The Los Angeles Chargers botched personnel decisions in 2018, and it may have cost them a chance at the Super Bowl.
The Chargers’ roster has much to flaunt: Seven Pro-Bowlers, three First Team All-Pros, and some of the best young talent in the league. However, one lingering problem tends to minimize what appears to be limitless potential, depth chart decisions. Specifically, knowing when to replace a current starter with another who is either cheaper, younger, or simply better.
It’s an issue that has had fans scratching their heads for years, an inexplicable pattern created by a number of reasons likely financial or personal. To further explore this issue, let’s glance at some recent roster misfires.
Caleb Sturgis, the team’s offseason training camp kicker battle “winner”, was brought in to stabilize the special teams unit. Through his six games played, Sturgis was 9-of-13 on field goals (69.2 percent), 9-of-15 on extra points (60 percent), and had an average kickoff return of 22.5 yards. He made all of his kicks in just one game, ending with what would be his “tour de force” in Seattle, in which he made just one out of four kicks and picked up a tripping penalty on a kickoff.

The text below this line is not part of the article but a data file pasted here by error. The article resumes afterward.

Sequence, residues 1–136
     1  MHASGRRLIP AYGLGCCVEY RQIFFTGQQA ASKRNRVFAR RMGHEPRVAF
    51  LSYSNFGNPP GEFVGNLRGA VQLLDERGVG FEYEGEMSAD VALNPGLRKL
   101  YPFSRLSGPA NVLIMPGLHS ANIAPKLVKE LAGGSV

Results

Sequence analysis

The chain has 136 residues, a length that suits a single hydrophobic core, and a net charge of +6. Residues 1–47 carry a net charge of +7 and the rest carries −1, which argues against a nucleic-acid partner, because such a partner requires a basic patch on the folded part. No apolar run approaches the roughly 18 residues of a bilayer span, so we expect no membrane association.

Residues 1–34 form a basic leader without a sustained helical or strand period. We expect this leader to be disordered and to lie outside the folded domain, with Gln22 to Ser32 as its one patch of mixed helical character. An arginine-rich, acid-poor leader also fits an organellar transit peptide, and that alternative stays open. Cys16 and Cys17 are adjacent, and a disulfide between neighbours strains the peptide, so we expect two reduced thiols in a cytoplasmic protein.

What happened in Seattle, however, never should have come to pass. On October 11th, prior to their clash with the Cleveland Browns, the team signed undrafted rookie kicker Michael Badgley, who had gone 5-for5 with the Indianapolis Colts in the preseason. Badgley, soon to be fan-named “Money Badger”, quickly impressed with a perfect 10-for-10 on kicks. His reward? Cut with the return of Sturgis. The returning kicker struggled immediately, however, and the Chargers opted to stick with Badgley for the rest of the season. It worked.
What convinced the coaching staff to not only stick with Sturgis after his rough start but even after they had found a kicker who clearly had the goods to perform? You could say that Anthony Lynn cut last year’s camp winner Younghoe Koo too early, so he practiced patience this season. Fine. But here’s a guy in Badgley who hadn’t missed a kick in the NFL with two teams, albeit in a smaller sample size. Fortunately, Sturgis did not cost the team any wins with a big miss.